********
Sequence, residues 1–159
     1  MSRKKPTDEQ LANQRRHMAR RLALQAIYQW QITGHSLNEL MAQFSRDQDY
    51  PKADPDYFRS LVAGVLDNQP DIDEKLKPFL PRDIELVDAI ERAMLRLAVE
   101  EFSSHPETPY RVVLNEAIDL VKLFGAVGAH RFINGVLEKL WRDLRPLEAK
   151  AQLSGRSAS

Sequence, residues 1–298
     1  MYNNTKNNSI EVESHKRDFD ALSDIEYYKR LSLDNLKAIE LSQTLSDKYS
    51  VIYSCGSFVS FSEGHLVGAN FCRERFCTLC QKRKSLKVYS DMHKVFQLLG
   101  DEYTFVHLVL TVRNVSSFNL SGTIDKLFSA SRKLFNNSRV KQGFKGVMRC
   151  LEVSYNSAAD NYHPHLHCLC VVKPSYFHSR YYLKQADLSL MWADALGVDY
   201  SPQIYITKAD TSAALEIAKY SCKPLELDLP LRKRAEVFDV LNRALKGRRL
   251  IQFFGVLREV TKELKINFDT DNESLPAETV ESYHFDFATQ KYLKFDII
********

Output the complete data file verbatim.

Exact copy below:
Sequence, residues 1–159
     1  MSRKKPTDEQ LANQRRHMAR RLALQAIYQW QITGHSLNEL MAQFSRDQDY
    51  PKADPDYFRS LVAGVLDNQP DIDEKLKPFL PRDIELVDAI ERAMLRLAVE
   101  EFSSHPETPY RVVLNEAIDL VKLFGAVGAH RFINGVLEKL WRDLRPLEAK
   151  AQLSGRSAS

Sequence, residues 1–298
     1  MYNNTKNNSI EVESHKRDFD ALSDIEYYKR LSLDNLKAIE LSQTLSDKYS
    51  VIYSCGSFVS FSEGHLVGAN FCRERFCTLC QKRKSLKVYS DMHKVFQLLG
   101  DEYTFVHLVL TVRNVSSFNL SGTIDKLFSA SRKLFNNSRV KQGFKGVMRC
   151  LEVSYNSAAD NYHPHLHCLC VVKPSYFHSR YYLKQADLSL MWADALGVDY
   201  SPQIYITKAD TSAALEIAKY SCKPLELDLP LRKRAEVFDV LNRALKGRRL
   251  IQFFGVLREV TKELKINFDT DNESLPAETV ESYHFDFATQ KYLKFDII